Are steps towards “zero waste” worth it?

The idea of moving towards a “Zero Waste” world seems too farfetched for some people on the business end of the spectrum to take seriously. Even so, consumers are starting to value businesses that are more sustainably-minded, beyond simple “greenwashing.” Many skeptics seem to think that this is some idealized, unobtainable goal, when in fact there are very reachable and accessible methods of taking a few beginning steps towards Zero Waste. Plus, consumers aren’t just attracted to companies that generate Zero Waste; they value ones that are putting forth real efforts into making those first few steps to solving their own waste generation problems.  

A good way of not going about reaching green-conscious consumers is exemplified by petroleum giant BP. After spending $45 million in acquiring the solar energy company Solarex, BP subsequently spent an additional $200 million around public relations just to get the word out about it. The effort to actually make a sustainable impact was foiled when consumers found out about it, and the blatantly obvious green washing efforts had them in an uproar.

On the other hand, certain companies have made real concerted efforts into limiting their environmental impact. On great example is Kimberly-Clark Professional (KCP) and parent Kimberly-Clark Corp., who have already made the commitment to divert all their manufacturing waste from landfills by 2015. Kimberly-Clark Professional’s RightCycle program has already helped to collect and recycle over 150,000 pounds of disposable cleanroom garments and gloves, and their Global Nonwovens division already diverts more than 99 percent of its manufacturing waste.

Not only do sustainability-building efforts, like Kimberly-Clark’s, radiate feelings of social responsibility throughout the industry, but they also put value back into waste materials that would have otherwise ended up unused in a landfill. For certain products, like aluminum cans and plastic bottles, using recycled materials for manufacturing can actually be cheaper than making new ones from virgin material. To quantify this relatively untapped resource, the EPA notes that only about 8 percent of plastics in the U.S., including plastics in flexible packaging like chip bags, actually ended up being recycled in 2011.

TerraCycle’s newest recycling innovation, Zero Waste Boxes, are just one answer for this massive problem, presenting a solution to one of the biggest concerns for companies and consumers about limiting their generation of waste: how can recycling be done simply and conveniently?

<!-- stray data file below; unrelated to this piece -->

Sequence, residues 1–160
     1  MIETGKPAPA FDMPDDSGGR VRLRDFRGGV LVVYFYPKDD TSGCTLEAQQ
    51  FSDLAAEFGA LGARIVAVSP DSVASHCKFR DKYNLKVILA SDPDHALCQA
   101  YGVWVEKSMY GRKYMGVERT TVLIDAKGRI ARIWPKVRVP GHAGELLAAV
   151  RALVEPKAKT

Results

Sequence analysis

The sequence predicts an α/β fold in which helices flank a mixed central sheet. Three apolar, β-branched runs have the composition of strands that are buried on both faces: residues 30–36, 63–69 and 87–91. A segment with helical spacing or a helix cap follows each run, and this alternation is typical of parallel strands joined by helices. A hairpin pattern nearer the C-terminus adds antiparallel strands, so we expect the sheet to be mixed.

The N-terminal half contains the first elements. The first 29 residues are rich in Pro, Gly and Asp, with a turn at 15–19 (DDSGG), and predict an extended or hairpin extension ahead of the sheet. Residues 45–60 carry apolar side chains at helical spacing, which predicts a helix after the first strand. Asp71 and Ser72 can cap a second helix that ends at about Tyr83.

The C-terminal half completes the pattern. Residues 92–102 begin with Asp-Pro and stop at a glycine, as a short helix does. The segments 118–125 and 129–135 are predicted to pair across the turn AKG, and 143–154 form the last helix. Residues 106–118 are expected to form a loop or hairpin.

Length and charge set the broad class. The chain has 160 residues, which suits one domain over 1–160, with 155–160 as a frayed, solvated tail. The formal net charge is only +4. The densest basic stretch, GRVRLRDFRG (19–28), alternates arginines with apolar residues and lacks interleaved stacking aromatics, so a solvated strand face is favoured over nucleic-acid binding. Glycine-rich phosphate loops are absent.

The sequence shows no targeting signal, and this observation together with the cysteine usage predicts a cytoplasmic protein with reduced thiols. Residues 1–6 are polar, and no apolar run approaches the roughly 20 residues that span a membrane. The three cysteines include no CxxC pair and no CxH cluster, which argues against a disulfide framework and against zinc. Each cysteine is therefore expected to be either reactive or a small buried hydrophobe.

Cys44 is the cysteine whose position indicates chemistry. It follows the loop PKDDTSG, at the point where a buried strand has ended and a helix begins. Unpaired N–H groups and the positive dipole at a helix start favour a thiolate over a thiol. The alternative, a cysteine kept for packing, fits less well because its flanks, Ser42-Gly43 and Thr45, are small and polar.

There are four types of boxes ranging in price based on the amount of waste separation involved in the recycling process: the low-cost, waste stream-specific Sponsored Boxes are for items and packaging like baby food pouches, diaper and wipe packaging, and individual-wrapped cheese packaging.

Boxes that require a bit more separation include the Category Separation Boxes, for items like coffee discs and pods, e-waste, and laminated paper packaging. Room Separation Boxes for the bathroom, kitchen, or bedroom allow for even more types of waste to be collected in one box, while the premium Zero Waste choice, the No Separation Box, accepts all non-recyclable material that is non-organic and non-hazardous.

Consumers are smart, and they are taking steps themselves towards a world of Zero Waste. Considering Americans generate about seven pounds of trash per person every day, it’s not surprising that people are starting to notice that solutions to waste are a necessity. Interestingly enough, in July of 2011 an Ipsos poll revealed that the top reason Americans typically do not recycle isn’t because they don’t notice the benefits, but because it is not convenient enough based on where they live.

Corporations are starting to take sustainability seriously, and consumers are noticing. Being “green conscious” not only adds value back into manufacturing-generated waste, but it exudes a level of responsibility that will resonate with consumers. A world of Zero Waste obviously won’t happen overnight, but those first few steps taken by industry-leaders can most definitely guide the way.

Author Tom Szaky, founder/CEO of TerraCycle, has won more than 50 awards for entrepreneurship, also writes blogs for Treehugger and The New York Times, recently published a book called "Revolution in a Bottle" and is the star of a National Geographic Channel special, "Garbage Moguls."

 

Filed Under:
user
By submitting this form, you accept the Mollom privacy policy.
500 characters remaining